As the Romantics knew in the nineteenth century, there is nothing more touching than the link between beauty and death (so here's my tribute to the Romantics). Late medieval people, though, had no urge to romanticize death in any form, since they had lived through one of the most horrible disasters in human history, the Black Death, a pan-European plague that some scholars say killed as many as a third to a half of all its inhabitants. Compare that estimate to the effects of any disaster you can think of. One result of this mid-fourteenth-century bubonic plague was a dramatic upswing in death imagery in art and literature. It inspired a German artist to create a wooden statue of Death dressed as a monk, and a French artist to create the so-called "Dance of Death," in which he depicted people of every vocation, class, and gender being "danced" out of this world by skeletons. The imagery was a hit, and copies in art and verse followed in profusion.
      Not every death image grew out of the plague experience, however. Medieval people dealt with death in battle (as in the Hundred Years' War) and diseases that were incurable, but they also knew that death was every man's lot, and the wiser among them did not see death as the ultimate enemy. (Come to think of it, in the seventeenth century, John Donne said much the same in his sonnet that begins, "Death be not proud, though some have called thee mighty and dreadful. . . .) In an age of faith, death's victory was only a temporary setback in man's search for God, and the cloistered religious (monks and nuns) taught themselves that lesson by constructing monuments to death to remind each other to "remember death" and be ready for it, so that they could be prepared to spend eternity with God. The monks of the monastery of St. Francis at Evora, in Portugal, lined the inside of a chapel (called an ossuary chapel) entirely with the bones of the monks who had died before them. Thighbones march up the columns, while skull upon skull marks the edges, and the ceiling is painted with more bones and mottos meant to remind the monks to "think on death."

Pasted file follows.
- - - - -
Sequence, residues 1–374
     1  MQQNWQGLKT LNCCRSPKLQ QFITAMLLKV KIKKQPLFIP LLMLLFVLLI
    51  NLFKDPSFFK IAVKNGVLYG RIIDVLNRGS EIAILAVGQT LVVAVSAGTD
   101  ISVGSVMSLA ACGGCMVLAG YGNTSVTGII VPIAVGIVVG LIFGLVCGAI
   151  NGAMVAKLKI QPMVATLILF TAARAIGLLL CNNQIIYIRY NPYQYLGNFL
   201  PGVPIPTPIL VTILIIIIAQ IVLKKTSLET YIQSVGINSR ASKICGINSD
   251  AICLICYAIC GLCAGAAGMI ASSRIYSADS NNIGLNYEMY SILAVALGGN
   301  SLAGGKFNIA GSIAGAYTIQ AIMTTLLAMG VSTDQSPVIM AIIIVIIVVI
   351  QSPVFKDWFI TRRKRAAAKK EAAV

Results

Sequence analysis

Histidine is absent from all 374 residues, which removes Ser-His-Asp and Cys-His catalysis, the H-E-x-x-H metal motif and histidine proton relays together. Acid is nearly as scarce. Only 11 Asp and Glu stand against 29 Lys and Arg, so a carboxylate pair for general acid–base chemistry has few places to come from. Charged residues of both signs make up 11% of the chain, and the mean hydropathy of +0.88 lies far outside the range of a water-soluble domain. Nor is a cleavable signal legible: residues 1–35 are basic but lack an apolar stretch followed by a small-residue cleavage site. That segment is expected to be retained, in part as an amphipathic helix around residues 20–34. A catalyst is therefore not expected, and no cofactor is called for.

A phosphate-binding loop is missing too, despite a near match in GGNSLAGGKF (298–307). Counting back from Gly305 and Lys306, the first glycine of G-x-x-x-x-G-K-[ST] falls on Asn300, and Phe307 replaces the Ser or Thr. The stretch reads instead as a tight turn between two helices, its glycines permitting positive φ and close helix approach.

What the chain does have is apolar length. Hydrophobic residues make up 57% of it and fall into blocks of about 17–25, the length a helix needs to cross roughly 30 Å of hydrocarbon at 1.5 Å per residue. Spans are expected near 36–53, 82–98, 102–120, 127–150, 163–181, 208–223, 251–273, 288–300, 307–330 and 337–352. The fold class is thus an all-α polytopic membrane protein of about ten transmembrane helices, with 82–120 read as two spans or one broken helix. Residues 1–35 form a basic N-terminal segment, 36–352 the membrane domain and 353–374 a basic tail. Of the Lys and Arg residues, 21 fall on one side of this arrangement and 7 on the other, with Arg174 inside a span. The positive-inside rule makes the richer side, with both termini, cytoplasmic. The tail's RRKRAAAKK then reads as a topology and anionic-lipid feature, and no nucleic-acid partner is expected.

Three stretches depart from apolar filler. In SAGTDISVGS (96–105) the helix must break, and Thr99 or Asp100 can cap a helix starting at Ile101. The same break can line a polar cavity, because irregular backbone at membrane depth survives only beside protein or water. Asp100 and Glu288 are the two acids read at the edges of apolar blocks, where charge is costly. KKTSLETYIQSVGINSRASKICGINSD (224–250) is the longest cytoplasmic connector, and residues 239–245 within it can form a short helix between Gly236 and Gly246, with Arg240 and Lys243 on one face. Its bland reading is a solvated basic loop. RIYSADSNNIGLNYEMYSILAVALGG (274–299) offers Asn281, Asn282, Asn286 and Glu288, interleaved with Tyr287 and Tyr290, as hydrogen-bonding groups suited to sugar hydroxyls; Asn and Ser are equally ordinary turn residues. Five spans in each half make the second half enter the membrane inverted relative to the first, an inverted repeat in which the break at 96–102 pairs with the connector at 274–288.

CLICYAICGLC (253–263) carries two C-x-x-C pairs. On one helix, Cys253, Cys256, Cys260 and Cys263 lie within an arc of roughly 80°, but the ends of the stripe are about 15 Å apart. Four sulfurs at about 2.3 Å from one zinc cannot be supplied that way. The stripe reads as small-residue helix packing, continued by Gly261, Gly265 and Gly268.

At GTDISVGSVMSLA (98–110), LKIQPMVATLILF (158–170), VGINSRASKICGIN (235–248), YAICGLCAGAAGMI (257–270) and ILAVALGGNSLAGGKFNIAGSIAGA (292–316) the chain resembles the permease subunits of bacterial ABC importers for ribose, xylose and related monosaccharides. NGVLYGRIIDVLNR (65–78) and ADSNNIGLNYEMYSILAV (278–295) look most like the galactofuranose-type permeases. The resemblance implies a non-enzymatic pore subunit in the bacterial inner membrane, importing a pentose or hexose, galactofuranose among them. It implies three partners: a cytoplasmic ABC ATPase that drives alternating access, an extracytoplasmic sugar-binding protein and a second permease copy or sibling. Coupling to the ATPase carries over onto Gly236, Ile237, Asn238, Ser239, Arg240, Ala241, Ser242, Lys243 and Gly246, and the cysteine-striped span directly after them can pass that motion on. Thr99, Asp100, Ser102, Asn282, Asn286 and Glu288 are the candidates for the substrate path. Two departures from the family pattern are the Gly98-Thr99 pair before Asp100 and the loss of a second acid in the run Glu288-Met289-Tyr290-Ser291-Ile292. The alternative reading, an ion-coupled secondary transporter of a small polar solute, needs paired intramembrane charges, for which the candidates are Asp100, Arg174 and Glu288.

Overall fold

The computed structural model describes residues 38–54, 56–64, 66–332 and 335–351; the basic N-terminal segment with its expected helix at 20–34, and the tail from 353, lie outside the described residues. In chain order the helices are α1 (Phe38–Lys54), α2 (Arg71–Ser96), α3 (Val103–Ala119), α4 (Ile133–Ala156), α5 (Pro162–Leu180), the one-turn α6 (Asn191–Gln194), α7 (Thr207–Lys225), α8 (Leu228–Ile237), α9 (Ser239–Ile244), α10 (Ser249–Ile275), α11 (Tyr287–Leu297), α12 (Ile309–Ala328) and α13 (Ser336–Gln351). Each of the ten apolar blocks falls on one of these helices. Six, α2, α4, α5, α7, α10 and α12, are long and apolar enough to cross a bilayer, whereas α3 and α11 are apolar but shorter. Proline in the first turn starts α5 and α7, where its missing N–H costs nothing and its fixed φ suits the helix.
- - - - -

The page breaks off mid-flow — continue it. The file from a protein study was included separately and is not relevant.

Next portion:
Is this morbid? Not if keeping death in mind will keep you from dying the Great Death, the one from which you wake up in Hell. Besides, the wise among us today will tell you that being ready to die makes life much sweeter, every day more vividly real, all relationships very special. Medieval men and women weren't masochists; they were on to something.

Some people (even well-educated people) think of the Middle Ages as a dark, boring time, when everyone was poor and spent their days doing nothing but praying. Think about it. People are people, and whether they have cell phones or not, they communicate. Whether they have television or not, they want to be entertained. Whether or not they have The Simpsons, they want to laugh. Whether or not they are pious, they are going to have sex. They are people just like us, neither more nor less good or bad--they just lived in a world where the rules were very different. The folks who made Monty Python weren't far wrong about a lot of things.

W ell, thanks for coming along. Hope you enjoyed the trip. Let me leave you with a great truth about the Middle Ages: those folks even had a sense of humor. If they hadn't, do you think one of them could have created this little pane of stained glass for York Minster??

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Revised 11/05